Commit 66cc8985 authored by Mark Andrews's avatar Mark Andrews

new draft

parent e601e3f0
Internet Engineering Task Force Alain Durand
INTERNET-DRAFT SUN Microsystems,inc.
Feb, 27, 2003 Johan Ihren
Expires August, 28, 2003 Autonomica
IPv6 DNS transition issues
Status of this memo
This memo provides information to the Internet community. It does not
specify an Internet standard of any kind. This memo is in full
conformance with all provisions of Section 10 of RFC2026
Internet-Drafts are draft documents valid for a maximum of six months
and may be updated, replaced, or obsoleted by other documents at any
time. It is inappropriate to use Internet- Drafts as reference
material or to cite them other than as "work in progress."
The list of current Internet-Drafts can be accessed at
The list of Internet-Draft Shadow Directories can be accessed at
This memo summarizes DNS related issues when transitioning a network
to IPv6. Consensus and open issues are presented.
1. Representing IPv6 addresses in DNS records
In the direct zones, according to [RFC3363], IPv6 addresses are
represented using AAAA records [RFC1886]. In the reverse zone, IPv6
addresses are represented using PTR records in nibble format under
the tree [RFC3152].
2. IPv4/IPv6 name space
2.1 Terminology
The phrase "IPv4 name server" indicates a name server available over
IPv4 transport. It does not imply anything about what DNS data is
served. Likewise, "IPv6 name server" indicates a name server
available over IPv6 transport.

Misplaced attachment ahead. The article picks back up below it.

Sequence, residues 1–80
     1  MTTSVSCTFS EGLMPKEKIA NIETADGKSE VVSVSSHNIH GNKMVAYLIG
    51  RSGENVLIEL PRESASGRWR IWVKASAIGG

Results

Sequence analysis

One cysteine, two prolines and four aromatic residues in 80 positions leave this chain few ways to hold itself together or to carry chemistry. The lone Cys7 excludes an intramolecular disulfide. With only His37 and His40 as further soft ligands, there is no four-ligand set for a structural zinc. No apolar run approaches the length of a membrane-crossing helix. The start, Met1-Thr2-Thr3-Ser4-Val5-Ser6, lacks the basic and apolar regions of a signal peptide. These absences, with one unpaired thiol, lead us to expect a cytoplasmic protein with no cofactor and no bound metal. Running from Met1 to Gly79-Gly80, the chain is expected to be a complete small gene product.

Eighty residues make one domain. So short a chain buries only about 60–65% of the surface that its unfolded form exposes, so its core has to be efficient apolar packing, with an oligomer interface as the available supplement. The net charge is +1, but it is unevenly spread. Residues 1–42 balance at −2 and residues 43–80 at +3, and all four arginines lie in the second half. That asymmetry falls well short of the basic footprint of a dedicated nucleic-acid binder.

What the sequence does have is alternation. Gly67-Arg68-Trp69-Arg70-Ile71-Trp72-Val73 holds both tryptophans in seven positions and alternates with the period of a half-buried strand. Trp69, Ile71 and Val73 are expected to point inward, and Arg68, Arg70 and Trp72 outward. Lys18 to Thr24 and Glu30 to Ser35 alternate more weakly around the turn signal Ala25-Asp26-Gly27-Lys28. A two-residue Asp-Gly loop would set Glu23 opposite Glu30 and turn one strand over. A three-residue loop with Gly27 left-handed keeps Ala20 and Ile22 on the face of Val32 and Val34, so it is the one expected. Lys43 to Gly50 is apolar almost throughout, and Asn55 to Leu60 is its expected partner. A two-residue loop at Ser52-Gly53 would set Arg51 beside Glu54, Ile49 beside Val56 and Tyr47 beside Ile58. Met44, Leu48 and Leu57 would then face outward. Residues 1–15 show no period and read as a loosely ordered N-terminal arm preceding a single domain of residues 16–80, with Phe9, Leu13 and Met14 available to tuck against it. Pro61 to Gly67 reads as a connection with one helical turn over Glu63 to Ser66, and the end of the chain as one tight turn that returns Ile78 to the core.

2.2. Introduction to the problem of name space fragmentation:
following the referral chain
The caching resolver that tries to lookup a name starts out at the
root, and follows referrals until it is referred to a nameserver that
is authoritative for the name. If somewhere down the chain of
referrals it is referred to a nameserver that is only accessible over
a type of transport that is unavailable, a traditional nameserver is
unable to finish the task.
When the Internet moves from IPv4 to a mixture of IPv4 and IPv6 it is
only a matter of time until this starts to happen and the complete
DNS hierarchy starts to fragment into a graph where authoritative
nameservers for certain nodes are only accessible over a certain
transport. What is feared is that a node using only a particular
version of IP, querying information about another node using the same
version of IP can not do it because, somewhere in the chain of
servers accessed during the resolution process, one or more of them
will only be accessible with the other version of IP.
With all DNS data only available over IPv4 transport everything is
simple. IPv4 resolvers can use the intended mechanism of following
referrals from the root and down while IPv6 resolvers have to work
through a "translator", i.e. they have to use a second name server on
a so-called "dual stack" host as a "forwarder" since they cannot
access the DNS data directly.
With all DNS data only available over IPv6 transport everything would
be equally simple, with the exception of old legacy IPv4 name servers
having to switch to a forwarding configuration.
However, the second situation will not arise in a foreseeable time.
Instead, it is expected that the transition will be from IPv4 only to
a mixture of IPv4 and IPv6, with DNS data of theoretically three
categories depending on whether it is available only over IPv4
transport, only over IPv6 or both.
The latter is the best situation, and a major question is how to
ensure that it as quickly as possible becomes the norm. However,